Tricia Walters: (Through a) Child’s Eye
Featuring watercolour illustrations and handmade toys, Tricia Walters focuses specifically on children in (Through a) Child’s Eye. All the artwork will be displayed at the level of an average 8-year-old.
Parents are invited to bring their children to the show and spend time together looking through the various framed and unframed pieces and pick up, touch and hold the various handmade toys on display.
“I grew up in the 70s with Beatrix Potter books and always loved the way the characters in her books had lives involving school, parents, chores and everyday regular human activities,” Tricia says. As a journalist by trade, Tricia adds that she never thought she would end up painting illustrations, but every day she sees something that inspires her to paint. “Some people might see a woman walking her dog down the street. I see a French Poodle taking a woman shopping for a new umbrella or other fashionable item that might encourage the Beagle next door to take a second look.” she laughs. “As for animals in general, bunnies are my favourite. They have so much character, despite being all ears and tail. Paired with a little girl or boy on an adventure and suddenly that bunny becomes a best friend.”
She says nothing beats the imagination of a child. “I used to make up stories all the time when I was a kid. I guess that’s how everyone knew I would end up a writer of sorts. I used to share my stories with my friends and my dad played a big part in many of these.”
Her father passed last year, aged 64. “He used to tell me there were fairies living in the garden and would spend hours helping me look for them. He was also a big believer in having animals as part of the family. We grew up with a regular zoo. I had rabbits, cats, dogs, hamsters, mice, rats and even squirrels as pets,” she recalls. “Each one had a voice, a personality and I would regularly imagine them in various scenarios, like getting together at night when everyone was asleep and dancing around the garden together.”
“For some reason we lose this ability to imagine when we grow up. It’s very sad,” she says. “I hope that through my illustrations I can help adults recall some of those memories, those stories they imagined when they were children.”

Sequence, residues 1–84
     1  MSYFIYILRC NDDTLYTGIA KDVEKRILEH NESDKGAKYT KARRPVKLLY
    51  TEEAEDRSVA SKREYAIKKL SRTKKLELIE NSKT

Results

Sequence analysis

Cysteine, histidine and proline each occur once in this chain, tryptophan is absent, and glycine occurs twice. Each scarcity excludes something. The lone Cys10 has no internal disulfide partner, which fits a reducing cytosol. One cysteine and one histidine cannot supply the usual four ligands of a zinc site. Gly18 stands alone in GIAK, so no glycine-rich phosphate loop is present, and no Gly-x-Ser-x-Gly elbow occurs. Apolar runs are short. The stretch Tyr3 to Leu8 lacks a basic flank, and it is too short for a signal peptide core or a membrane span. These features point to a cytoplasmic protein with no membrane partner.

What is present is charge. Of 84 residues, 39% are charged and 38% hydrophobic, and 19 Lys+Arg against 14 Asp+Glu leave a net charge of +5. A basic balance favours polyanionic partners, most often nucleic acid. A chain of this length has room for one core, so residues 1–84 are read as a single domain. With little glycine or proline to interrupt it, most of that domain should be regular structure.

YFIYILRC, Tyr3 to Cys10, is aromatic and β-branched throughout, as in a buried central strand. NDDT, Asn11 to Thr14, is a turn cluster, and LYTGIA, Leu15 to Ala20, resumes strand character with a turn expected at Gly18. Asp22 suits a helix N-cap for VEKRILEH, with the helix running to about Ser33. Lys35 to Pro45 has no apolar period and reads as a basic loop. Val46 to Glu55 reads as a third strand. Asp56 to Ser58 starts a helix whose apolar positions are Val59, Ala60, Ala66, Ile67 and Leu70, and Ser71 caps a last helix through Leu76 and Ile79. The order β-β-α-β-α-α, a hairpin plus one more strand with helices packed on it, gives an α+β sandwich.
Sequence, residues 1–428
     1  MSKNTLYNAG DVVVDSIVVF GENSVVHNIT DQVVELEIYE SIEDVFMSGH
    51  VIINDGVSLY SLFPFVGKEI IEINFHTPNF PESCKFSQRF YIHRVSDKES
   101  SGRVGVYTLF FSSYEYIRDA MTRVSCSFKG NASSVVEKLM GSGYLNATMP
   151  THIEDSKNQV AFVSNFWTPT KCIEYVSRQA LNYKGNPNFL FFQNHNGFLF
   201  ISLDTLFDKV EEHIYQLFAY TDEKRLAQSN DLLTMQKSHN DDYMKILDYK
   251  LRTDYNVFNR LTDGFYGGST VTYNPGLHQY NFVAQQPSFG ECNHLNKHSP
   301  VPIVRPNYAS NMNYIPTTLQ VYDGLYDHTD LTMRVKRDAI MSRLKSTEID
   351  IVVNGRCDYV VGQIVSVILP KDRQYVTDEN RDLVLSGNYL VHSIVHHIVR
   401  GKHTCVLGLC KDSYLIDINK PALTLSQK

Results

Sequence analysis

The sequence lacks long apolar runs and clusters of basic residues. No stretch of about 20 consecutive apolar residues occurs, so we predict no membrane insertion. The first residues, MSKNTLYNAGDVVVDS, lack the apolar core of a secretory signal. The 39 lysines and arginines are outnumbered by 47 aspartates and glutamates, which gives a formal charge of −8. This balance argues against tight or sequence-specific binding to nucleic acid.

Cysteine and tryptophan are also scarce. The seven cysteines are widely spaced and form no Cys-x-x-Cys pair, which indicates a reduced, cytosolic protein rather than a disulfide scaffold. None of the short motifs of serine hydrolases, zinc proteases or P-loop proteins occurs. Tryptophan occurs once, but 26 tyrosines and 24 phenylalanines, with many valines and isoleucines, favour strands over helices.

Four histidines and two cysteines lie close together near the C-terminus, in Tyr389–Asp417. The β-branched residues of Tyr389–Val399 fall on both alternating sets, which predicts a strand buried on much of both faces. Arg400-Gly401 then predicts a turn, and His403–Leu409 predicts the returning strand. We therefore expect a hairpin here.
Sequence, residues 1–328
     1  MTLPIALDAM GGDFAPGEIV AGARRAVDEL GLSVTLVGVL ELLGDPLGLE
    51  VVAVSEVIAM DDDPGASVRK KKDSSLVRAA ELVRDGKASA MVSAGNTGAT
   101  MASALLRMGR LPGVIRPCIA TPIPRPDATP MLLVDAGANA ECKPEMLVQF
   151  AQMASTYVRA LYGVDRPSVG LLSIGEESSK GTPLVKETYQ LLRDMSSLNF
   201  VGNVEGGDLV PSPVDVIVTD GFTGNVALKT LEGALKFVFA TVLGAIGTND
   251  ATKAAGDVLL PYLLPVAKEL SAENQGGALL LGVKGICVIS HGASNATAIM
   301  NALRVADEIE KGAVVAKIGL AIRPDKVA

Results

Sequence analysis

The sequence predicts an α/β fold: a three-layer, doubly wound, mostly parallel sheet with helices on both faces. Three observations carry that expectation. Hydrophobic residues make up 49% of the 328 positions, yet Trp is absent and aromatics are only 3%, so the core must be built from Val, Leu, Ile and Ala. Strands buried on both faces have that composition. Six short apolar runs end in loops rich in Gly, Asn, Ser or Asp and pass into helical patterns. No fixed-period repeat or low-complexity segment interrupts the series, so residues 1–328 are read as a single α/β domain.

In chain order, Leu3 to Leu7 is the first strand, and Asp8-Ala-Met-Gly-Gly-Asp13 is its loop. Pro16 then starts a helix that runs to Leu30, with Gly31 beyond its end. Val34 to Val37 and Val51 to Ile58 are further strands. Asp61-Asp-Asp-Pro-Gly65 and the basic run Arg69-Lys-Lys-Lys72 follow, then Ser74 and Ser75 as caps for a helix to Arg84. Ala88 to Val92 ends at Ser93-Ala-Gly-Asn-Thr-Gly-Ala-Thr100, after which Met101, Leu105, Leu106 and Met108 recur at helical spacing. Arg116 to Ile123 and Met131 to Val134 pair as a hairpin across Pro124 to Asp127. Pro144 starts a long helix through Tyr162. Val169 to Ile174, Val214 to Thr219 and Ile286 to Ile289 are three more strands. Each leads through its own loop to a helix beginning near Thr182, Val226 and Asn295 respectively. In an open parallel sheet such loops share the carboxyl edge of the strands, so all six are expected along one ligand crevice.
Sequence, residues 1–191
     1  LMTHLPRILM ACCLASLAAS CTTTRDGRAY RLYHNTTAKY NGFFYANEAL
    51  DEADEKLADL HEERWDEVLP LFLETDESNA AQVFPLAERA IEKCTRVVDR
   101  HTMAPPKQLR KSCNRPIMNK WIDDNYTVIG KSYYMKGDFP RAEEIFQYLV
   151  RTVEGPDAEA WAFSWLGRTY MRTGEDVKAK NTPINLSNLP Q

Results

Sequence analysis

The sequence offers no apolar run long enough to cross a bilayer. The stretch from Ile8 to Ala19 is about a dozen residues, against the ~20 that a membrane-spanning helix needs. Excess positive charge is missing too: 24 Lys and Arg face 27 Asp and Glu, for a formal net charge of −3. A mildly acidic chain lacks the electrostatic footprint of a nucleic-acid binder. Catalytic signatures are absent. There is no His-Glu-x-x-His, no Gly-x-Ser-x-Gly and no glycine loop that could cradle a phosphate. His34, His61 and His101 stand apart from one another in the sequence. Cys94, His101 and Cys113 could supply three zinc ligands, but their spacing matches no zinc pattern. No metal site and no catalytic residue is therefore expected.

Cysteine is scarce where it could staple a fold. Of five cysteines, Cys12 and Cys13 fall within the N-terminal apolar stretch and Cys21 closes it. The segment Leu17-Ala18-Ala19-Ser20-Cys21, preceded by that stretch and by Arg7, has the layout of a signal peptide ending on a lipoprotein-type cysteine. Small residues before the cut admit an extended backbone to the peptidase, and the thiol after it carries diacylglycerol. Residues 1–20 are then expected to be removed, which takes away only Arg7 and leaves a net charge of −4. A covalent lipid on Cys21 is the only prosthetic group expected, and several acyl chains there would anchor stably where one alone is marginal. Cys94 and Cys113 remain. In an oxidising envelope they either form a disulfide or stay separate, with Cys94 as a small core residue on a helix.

She adds: “With modern technology, computers, video games and the like, children don’t read actual books anymore. Beatrix Potter will be all but a faint memory in ten years’ time. Along with her, our children will lose their innocence and their ability to imagine a different world, maybe even a better one.”
The handmade toys are a new addition to Tricia’s work. “When I started planning this exhibit I wanted to include stuffed toys and went shopping, but it was hard to find what I wanted so I just decided to sit down and make my own,” he says with a laugh. “Now I guess I’m making toys as well as painting.”
The toys, made from bright, sometimes clashing colours and fabric, include birds, elephants and ‘boo boo bears’.
“The boo boo bears were an idea I had after working closely with some children in June,” she explains. “One little boy would come up to me at the start of every art workshop and tell me about his new boo boo. He got a particular boo boo from falling out of a tree, or from stepping on a sharp rock.”
She adds: “I remember what it was like as a child. Sometimes a boo boo was more than just a scratch or a scab. Children have so much to deal with now including divorce, violence, abuse. I wanted a toy that would help them deal with all the pain, we as adults don’t see because it’s not a scab or a scratch you can put a bandaid on. So I made the boo boo bear. By giving a child a boo boo bear, you let them know that it’s ok for the bear to carry all that pain, the worry and the hurt while the child can just get along with being a child. When you’re concerned about your child you ask how boo boo bear is doing? Hopefully kids will catch on to this and find it easier to talk about what they’re experiencing it’s not ‘I got hurt’ but ‘boo boo bear got hurt’.”
There is no waiting period for work sold in this show. New work will be added on a regular basis so the show is literally growing day by day – “the way a child would”.